13. This procedure sounds like it will give you excellent results. For avoiding diabetes I cut white sugar drastically, cut out fruit juice, and limit white flour, white potatoes and white rice. That worked great for me in putting my blood sugar into the healthy range.

  14. This is truly wonderful news though the waiting had to have been awful for your husband. I have heard of great results from the ablation procedure.
    Dropping weight will be so much easier now that you will be able to move about. Wow, if that was a pre-diabetes diet they gave you, I'd sign up.
    Keep healing and regaining your life back.

  15. Although it does sound complicated, it sounds like a good solution for you. Also sounds like you got the right doctor to do the procedure. Now, onward and upward to a better way of life.

  16. Wow, glad everything went well. . . what a relief you must feel! May you soon be up and walking and hiking and living life to the fullest again.

  17. Our Sunday School teacher had this ablation done a couple of months ago. He is a 'new' man problems with irregular heartbeat and weakness/dizziness that he suffered with before the ablation.
    I'm so glad to hear that yours went well. Sending you another smile...and a hug. Wishes for continued and complete healing for you.

  18. I am so proud of you --for being so brave while preparing yourself for this long and hard procedure. Obviously, you did well --and I'm sure your doctors did a great job also and are proud of you...

    It's fun to give good news and I'm glad to read about it even though I've never even heard of half of this stuff. Thank God for our doctors and great hospitals.

    I am doing really good since the gallbladder surgery --and my weight is staying stable (136)... I feel tremendous ---and I hope you will begin to feel as good or better soon... God Bless You, my friend.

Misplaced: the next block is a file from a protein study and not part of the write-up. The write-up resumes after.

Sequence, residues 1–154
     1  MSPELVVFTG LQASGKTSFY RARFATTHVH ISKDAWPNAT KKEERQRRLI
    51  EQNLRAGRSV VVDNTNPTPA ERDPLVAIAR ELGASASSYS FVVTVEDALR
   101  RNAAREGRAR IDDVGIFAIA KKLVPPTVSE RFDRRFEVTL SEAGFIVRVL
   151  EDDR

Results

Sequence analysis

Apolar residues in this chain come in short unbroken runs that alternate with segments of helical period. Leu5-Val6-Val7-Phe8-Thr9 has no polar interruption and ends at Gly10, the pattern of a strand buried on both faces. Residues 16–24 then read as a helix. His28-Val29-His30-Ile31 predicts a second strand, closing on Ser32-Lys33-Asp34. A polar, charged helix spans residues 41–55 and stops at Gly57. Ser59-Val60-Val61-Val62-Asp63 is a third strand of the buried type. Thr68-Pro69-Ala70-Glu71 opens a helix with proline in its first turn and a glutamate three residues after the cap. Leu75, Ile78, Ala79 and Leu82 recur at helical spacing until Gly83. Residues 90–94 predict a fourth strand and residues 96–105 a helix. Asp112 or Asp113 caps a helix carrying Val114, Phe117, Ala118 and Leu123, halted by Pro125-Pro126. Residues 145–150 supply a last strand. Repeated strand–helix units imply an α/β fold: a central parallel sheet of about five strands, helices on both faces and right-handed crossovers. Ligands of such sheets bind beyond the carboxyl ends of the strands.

19. So pleased this is all behind you know. it sounded very scary and you handled it very bravely and your quote from Psalm 21 is good to know by memory and can be used in times of trouble and stress.
    Psalm 91 is another one!

    Hoping you'll soon be doing the long walks and that all goes well.
    Maggie x

    Nuts in May

  20. Congratulations!
    So it’s all over now and you can start a new life, free from tachycardia.
    I sincerely hope that the ablation has done the trick.

    When I’ve mentioned to my doctors that I’ve heard good things about ablation they say that in my case success is not guaranteed and that the procedure might possibly have to be repeated. I am not really ill enough yet, the periods between AF are long and I am fine, without heart problems most of the time.

    Until the next time. . . . .

    Thank you for your long email. I am not ignoring it and will get in touch about it. That you were kind enough to write to me when you had huge problems yourself makes me appreciate your kindness doubly.

    I am relatively well at the moment, although I have to admit that nearly all of the items on your list apply to me most of the time.

  21. Glad to hear the good news. You're brave! Here's to an improved quality of life- you deserve it.

  22. Somewhere along the way (in my non-online time, I suppose -- I've been off a lot in August) I missed that you were having this and at this time. I think I knew something was in the offing but not sure when.

    I am so very relieved and grateful that all came out well. It sounds as though you had the best of care and the outcome is very positive. Perhaps the peace of mind will be the best benefit (although those crab cakes looked like a pretty good benefit, too.)

    You were one heck of a brave woman. I admire that and you so very much.

  23. I'm so glad this procedure went well, Sally, and will hopefully give you a much improved quality of life. You obviously have first-rate medical care available to you, which is wonderful.

  24. Good news indeed. I was quite aware of pretty much everything you wrote about because, quite simply, I went through exactly the same ablation procedures at Mayo Clinic several years ago. The good news for me and hopefully you as well is that I haven't had a single arrhythmia since. It's been a miracle....:)

  25. As I read over your post I could feel your pain and your questions - some I have had myself. I think God likes it when we are just being - hopefully with him - and maybe this is how he brought us to this place. I don't know.

  26. Great to hear that you did this and will have a better life from now on.

  27. I have been on a blogging break due to family weddings, travel and some bouts of low energy. I am so glad your top-notch medical team has given you a start on a healthier season of life.

    And I hope you post about your journey with the prediabetic diet. I was doing the diabetic exchanges trying to stay below the prediabetic range, But with travel and weddings, I have been indulging. I think that is why I have so little energy lately.